“Black farmers have waited many years for this day – the end of denied justice, the dawn of a new era of equality." John Boyd, President of the National Black Farmers Association
As many as 80,000 Black farmers received an early New Year’s present from President Obama on December 8th, when he signed the Claims Resolution Act of 2010 into law. This legislation, which has been debated in Congress for more than a decade, funds a $1.5 billion lawsuit against the U.S. Department of Agriculture for years of discrimination against Black farmers in federal farm loan programs. It awards as much as $50,000 each to African American farmers who were denied federal loans during the 1980’s because of the color of their skin. President Obama, who was a sponsor of the legislation as a Senator, said this closes “a painful chapter in American history.” National Black Farmers Association president, John Boyd, who in September rode his tractor through the streets of Washington as part of his relentless campaign in support of the legislation, called it a belated but important “vindication and justice for Black farmers.”
The National Urban League, The Congressional Black Caucus and other civil rights leaders have long-championed this legislation. It is an outgrowth of an original class-action lawsuit, Pigford v. Glickman, filed in 1997 and settled in 1999. The new law awards $50,000 to tens of thousands of aggrieved Black farmers who were left out of that original settlement. Many Black farmers have lost their farms waiting for this compensation. Some have died waiting. In August of this year, I called Senate delays a clear case of political obstructionism and a violation of civil rights. Upon passage of the final bill Attorney General Eric Holder said, “This is a settlement that addressed a historical wrong…and offers a new relationship between the many deserving Americans and the federal agencies that play an important role in their lives.”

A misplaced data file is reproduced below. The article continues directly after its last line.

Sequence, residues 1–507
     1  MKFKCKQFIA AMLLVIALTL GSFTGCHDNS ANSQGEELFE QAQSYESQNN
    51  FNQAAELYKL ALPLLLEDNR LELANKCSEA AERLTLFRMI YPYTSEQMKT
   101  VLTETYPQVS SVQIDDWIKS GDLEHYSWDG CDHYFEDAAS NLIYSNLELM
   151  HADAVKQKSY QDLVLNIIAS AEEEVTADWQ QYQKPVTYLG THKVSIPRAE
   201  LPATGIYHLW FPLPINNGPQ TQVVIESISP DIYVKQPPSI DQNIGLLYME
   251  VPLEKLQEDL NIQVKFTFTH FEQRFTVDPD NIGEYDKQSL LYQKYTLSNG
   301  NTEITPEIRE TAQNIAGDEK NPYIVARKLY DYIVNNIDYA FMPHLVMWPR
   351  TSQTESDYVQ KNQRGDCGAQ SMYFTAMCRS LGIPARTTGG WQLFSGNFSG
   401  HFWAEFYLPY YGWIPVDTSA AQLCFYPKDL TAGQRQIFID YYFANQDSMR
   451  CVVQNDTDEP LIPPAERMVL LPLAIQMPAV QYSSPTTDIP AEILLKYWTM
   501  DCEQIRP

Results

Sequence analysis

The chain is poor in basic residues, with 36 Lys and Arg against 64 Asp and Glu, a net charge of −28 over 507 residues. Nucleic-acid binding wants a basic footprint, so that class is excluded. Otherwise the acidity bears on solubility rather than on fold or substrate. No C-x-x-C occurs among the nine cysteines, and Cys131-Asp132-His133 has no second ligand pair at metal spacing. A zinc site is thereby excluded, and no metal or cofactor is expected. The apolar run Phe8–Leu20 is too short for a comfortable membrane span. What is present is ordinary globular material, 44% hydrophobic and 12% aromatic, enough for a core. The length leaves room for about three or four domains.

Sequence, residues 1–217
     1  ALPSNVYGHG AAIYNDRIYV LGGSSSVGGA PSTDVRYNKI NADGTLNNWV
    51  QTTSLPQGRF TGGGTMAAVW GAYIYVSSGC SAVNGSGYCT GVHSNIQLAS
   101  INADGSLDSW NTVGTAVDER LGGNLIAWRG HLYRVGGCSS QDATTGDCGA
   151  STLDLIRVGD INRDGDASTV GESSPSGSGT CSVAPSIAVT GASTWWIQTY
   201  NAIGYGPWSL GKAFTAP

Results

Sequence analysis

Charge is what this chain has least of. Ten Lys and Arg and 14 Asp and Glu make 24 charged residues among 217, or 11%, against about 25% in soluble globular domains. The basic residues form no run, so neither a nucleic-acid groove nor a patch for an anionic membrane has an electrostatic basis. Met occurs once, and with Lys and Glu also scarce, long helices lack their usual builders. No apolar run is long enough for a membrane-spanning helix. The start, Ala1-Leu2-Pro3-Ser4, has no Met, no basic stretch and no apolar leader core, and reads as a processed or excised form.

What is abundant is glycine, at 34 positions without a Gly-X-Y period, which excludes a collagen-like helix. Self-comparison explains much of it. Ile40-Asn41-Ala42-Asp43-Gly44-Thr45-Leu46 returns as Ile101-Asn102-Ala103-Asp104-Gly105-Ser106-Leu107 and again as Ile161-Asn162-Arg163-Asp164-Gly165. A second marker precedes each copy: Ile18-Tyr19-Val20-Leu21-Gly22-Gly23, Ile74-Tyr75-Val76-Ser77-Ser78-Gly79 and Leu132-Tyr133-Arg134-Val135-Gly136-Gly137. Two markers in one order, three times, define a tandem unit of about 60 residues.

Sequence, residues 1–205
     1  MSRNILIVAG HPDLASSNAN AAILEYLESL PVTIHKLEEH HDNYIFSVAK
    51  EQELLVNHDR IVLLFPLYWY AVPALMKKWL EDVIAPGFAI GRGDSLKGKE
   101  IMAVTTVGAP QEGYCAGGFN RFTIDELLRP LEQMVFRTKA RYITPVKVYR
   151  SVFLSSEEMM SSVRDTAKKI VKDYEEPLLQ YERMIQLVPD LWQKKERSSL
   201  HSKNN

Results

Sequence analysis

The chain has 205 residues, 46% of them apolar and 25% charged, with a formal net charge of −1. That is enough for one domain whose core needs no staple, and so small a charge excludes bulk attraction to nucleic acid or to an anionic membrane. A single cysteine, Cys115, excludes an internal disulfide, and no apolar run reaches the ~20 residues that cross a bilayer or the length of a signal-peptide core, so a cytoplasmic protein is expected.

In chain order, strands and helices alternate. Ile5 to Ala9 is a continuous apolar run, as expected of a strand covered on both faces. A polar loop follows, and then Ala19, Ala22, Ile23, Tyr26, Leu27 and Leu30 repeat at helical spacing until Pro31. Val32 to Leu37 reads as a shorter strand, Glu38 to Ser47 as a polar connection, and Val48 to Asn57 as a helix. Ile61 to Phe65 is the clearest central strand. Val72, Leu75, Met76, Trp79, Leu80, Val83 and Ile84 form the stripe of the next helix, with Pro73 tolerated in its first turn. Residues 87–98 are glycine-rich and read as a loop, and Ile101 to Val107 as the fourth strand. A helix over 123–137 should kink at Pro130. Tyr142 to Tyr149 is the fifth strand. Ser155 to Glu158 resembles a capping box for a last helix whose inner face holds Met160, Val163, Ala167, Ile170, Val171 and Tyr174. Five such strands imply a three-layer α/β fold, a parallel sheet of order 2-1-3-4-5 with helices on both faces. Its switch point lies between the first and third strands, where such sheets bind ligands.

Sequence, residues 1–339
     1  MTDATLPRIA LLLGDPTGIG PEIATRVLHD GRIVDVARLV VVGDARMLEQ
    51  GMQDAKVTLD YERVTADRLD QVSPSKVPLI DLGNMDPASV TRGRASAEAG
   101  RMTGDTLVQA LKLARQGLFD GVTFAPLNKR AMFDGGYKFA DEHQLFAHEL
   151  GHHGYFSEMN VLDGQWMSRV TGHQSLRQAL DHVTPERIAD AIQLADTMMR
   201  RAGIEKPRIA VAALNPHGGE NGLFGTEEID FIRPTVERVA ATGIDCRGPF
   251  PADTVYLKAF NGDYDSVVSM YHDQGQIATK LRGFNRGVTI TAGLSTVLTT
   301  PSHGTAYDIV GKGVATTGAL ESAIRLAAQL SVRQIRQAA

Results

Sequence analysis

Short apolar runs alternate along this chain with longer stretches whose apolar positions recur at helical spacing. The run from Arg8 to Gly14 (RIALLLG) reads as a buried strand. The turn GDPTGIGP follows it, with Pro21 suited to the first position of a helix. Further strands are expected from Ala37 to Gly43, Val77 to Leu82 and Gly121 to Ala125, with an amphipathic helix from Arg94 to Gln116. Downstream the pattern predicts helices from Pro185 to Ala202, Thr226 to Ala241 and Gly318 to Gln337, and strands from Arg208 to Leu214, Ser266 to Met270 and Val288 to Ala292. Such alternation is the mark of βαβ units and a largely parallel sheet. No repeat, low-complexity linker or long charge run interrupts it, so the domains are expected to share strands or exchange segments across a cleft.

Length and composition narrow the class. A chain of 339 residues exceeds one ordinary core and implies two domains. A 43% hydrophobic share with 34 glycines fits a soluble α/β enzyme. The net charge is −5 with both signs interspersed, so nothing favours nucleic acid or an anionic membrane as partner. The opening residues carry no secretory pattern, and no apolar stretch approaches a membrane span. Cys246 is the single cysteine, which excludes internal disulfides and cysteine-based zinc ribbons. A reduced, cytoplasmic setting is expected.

Agriculture Secretary Tom Vilsack added, “President Obama and I made a firm commitment not only to treat all farmers fairly and equally, but to right the wrongs in USDA’s past. I applaud those who took this historic step to ensure Black farmers who faced discrimination by their government finally receive justice.”
John Boyd said that President Obama “made good on a campaign promise…Down in places like Mississippi these are poor communities and they need this money to help get their lives together.” But for Boyd, this is just the first step. He will now lead the effort to educate Black farmers and help those who are eligible, file their claims and have their cases heard. “The goal is to avoid a repeat of what happened during the first settlement of this case when many found out about it too late or did not file in time.”
Along with health care reform, and financial reform, the National Urban League counts this settlement on behalf of Black farmers as one of President Obama’s major accomplishments of 2010. But while this victory was a demonstration of important progress, the President rightfully pointed out, “We must remember that much work remains to be done.” We look forward to working with him in the New Year to keep moving America forward.
Marc Morial is the president and CEO of the National Urban League.